Grading standards are based on the standards laid out in the Overstreet Grading Guide with additional experience gained from our years in the comic industry. Grading is an inherently subjective process and there will always be small differences in opinion. Even professional grading services like CGC, CBCS, and PGX acknowledge that the same book may not always receive the same grade if it is submitted for grading more than once. While we cannot guarantee that a book graded twice will receive the same grade each time, we can guarantee that every comic we sell has been listed at the grade at which we purchased it.
The basic grading scale, also known as letter grades, uses the grades from Near Mint (highest) to Poor (lowest):
The ten-point grading scale assigns grades ranging from 10.0 (highest) down to 0.5 (lowest):
At Mammoth Comics, we use the basic grading scale for most of our comics priced up to about $10.00. We use the ten-point scale to grade most comics valued $10.00 or more and those published before 1980.
Additionally, some comics in our store are "slabbed" by CGC, CBCS, or PGX. These comic grading services will grade a comic and then seal the comic in a hard plastic case that displays the assigned grade. These grading services assign grades on the ten-point grading scale. You can easily identify a slabbed comic because the grades will include the name of the grading service, such as "CGC 9.4" or "PGX 9.4". A comic that has not been slabbed is sometimes referred to as a "raw" comic, which just means a regular comic not encased in a plastic slab.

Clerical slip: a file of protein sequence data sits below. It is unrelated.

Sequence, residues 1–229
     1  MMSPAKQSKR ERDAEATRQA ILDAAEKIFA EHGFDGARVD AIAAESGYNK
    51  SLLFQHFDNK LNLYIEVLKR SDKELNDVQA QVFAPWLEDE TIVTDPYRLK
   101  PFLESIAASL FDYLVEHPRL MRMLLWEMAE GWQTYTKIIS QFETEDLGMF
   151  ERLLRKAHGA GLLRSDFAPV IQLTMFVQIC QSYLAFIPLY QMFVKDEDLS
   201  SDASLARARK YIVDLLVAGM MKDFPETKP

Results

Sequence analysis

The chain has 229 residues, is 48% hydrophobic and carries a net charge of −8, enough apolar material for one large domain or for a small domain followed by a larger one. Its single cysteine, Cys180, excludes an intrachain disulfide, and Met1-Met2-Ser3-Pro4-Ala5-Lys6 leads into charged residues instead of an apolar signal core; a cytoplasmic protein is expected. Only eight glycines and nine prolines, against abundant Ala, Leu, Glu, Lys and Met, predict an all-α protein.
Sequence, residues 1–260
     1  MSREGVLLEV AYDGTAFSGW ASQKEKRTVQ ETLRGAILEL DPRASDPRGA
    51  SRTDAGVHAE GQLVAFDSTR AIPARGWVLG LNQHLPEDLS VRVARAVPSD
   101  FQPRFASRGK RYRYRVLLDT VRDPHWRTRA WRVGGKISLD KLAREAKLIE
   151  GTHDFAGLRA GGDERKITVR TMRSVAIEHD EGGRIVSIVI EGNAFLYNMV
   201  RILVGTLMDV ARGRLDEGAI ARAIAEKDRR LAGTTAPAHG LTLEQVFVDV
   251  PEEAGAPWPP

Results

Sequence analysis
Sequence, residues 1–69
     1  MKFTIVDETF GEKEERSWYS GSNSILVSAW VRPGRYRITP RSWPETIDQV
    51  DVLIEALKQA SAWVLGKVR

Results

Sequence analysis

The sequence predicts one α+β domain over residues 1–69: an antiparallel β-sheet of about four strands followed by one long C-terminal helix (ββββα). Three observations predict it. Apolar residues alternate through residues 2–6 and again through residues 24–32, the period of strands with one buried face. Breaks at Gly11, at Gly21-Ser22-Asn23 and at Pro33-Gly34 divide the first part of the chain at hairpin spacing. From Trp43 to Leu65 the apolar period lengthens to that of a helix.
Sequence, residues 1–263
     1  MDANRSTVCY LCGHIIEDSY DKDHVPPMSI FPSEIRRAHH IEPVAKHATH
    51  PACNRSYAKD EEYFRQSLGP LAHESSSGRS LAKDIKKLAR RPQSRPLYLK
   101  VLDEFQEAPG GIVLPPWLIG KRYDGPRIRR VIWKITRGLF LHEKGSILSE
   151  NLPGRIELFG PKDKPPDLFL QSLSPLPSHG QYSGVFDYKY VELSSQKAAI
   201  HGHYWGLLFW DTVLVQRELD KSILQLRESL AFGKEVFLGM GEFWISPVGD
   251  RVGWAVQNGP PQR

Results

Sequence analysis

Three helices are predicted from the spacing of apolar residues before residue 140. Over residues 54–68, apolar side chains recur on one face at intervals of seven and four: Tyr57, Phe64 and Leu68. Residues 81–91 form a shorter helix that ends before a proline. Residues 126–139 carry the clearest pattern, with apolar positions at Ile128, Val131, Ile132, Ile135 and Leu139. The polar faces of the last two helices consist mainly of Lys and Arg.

When reviewing the possible defects a comic may have as shown below for the various grades, please keep in mind that while a single defect may not reduce a comic's grade, that defect if repeated and/or combined with other accumulated defects, may push the grade down by one or more grades.